The passage of a bill intended to make Beijing let its currency rise could lead to a trade war between the world’s top two economies, Chinese officials have warned. Both China’s central bank and ministries of commerce and foreign affairs are accusing the U.S. of “politicizing” currency issues. U.S. senators have agreed start a week of debate on the bill.
China apparently sees a greater risk from the current proposed bill than it has in the past. U.S. lawmakers have previously attempted to put forward similar legislation to speed up the pace of appreciation in the yuan, or renminbi. The central bank’s warning of a trade war coupled with a slowdown in China’s exchange rate reforms indicates that Beijing is taking the latest currency bill more seriously.
“It is very rare for three different ministries of the country to refute something so quickly and strongly, showing how deeply the Chinese government is concerned about the yuan bill,” Wang Zihong, a researcher at the China Academy of Social Sciences, a top government think tank says.
“The strong responses made by the Chinese government may also suggest that the possibility would be quite high this time that the United States will pass the final bill in the end and that Beijing is worried about the possible negative impact on China’s exports resulting from the legislation,” he said.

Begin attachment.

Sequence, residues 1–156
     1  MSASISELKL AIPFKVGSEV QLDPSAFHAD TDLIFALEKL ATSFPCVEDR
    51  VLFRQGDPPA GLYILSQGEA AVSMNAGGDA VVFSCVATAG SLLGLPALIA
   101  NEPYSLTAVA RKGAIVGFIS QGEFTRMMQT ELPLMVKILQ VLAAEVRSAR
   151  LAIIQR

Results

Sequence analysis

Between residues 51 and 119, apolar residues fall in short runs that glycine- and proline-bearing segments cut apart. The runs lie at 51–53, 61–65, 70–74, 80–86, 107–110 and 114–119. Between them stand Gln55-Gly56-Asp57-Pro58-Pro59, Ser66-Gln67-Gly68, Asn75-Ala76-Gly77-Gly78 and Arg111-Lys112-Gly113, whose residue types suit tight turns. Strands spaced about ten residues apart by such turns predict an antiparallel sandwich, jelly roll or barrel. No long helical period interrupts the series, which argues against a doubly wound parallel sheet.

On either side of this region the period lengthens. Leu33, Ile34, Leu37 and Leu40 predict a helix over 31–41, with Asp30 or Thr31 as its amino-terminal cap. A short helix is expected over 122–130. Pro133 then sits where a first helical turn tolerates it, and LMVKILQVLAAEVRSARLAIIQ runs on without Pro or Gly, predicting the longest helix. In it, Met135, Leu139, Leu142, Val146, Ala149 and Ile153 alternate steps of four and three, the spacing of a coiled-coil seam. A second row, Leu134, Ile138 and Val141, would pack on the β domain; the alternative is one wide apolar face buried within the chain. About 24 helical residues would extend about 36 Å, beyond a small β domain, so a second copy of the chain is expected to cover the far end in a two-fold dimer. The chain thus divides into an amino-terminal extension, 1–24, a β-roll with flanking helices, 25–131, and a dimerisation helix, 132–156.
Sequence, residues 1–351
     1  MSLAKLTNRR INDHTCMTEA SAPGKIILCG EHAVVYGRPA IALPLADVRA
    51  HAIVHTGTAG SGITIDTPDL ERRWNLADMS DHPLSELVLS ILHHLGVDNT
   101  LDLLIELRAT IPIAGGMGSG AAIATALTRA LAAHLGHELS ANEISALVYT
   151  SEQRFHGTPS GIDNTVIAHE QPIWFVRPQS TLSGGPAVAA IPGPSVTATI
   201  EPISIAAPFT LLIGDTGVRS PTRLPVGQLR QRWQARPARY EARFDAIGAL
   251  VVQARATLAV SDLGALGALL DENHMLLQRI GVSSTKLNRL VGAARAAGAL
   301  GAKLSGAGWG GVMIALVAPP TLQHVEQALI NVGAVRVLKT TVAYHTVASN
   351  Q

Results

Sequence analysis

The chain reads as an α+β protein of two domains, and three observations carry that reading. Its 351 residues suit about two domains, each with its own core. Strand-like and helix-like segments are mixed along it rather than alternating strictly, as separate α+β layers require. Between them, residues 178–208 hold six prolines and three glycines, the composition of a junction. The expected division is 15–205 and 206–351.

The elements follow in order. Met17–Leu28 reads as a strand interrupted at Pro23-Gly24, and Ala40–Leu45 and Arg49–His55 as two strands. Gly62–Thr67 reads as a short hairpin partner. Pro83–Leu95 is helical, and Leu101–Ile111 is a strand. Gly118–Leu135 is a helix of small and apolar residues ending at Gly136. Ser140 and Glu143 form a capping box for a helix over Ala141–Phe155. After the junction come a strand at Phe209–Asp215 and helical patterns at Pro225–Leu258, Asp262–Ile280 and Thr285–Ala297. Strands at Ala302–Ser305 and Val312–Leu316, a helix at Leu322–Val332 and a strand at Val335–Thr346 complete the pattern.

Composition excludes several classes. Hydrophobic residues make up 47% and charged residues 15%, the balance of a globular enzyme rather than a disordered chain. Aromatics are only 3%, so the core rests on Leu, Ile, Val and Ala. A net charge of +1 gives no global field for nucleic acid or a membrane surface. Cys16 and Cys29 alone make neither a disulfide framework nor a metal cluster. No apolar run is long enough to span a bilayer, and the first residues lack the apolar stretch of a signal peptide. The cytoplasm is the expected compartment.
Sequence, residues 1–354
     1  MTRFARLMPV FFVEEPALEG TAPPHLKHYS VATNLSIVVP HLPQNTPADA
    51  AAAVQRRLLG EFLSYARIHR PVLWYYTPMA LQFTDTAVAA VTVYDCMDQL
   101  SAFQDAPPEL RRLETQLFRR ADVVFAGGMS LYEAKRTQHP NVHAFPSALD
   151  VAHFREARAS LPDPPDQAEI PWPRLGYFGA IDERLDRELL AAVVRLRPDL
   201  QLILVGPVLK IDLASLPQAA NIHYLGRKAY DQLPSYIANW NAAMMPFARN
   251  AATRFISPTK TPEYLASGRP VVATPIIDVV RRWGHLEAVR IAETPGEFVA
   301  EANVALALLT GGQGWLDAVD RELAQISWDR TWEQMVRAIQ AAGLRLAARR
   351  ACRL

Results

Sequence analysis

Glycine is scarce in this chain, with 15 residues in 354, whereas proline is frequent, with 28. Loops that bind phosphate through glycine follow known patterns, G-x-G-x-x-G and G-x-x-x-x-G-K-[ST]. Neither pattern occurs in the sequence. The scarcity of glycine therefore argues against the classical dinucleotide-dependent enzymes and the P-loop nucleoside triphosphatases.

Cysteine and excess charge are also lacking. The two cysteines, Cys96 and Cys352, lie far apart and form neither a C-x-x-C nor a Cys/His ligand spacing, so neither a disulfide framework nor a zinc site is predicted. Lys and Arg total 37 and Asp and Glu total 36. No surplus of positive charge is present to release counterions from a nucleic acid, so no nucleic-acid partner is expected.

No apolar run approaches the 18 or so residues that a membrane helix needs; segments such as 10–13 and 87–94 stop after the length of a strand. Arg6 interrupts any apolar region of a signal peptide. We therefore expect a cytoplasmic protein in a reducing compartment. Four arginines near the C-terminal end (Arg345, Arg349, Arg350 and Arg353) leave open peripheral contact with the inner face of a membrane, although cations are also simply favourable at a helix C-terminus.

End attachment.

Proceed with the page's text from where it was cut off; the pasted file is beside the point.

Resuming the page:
The Currency Exchange Rate Oversight Reform Act of 2011 would allow the U.S. government to slap countervailing duties on products from countries found to be subsidizing their exports by undervaluing their currencies.
Keeping China’s currency undervalued has cost American jobs. A fairer exchange rate would help cut an annual trade gap Washington puts at more than $250 billion.
“By using the excuse of a so-called ‘currency imbalance’, this will escalate the exchange rate issue, adopting a protectionist measure that gravely violates WTO rules and seriously upsets Sino-U.S. trade and economic relations,” foreign ministry spokesman Ma Zhaoxu said in a statement posted on China’s official government Web site. “China expresses its adamant opposition to this.”
Ma urged U.S. legislators to “proceed from the broader picture of Sino-U.S. trade and economic cooperation” and “forsake protectionism”.
Beijing’s has insisted that it will continue to gradually reform its currency policy, “strengthening the flexibility of the renminbi exchange rate.”
The emergence of China as the world’s fastest-growing major economy has led to often strained relations with the United States. The most recent tension was over U.S. plans for a $5.3 billion upgrade of the F-16 A/B fighter fleet of Taiwan, which Beijing considers to be a breakaway province.
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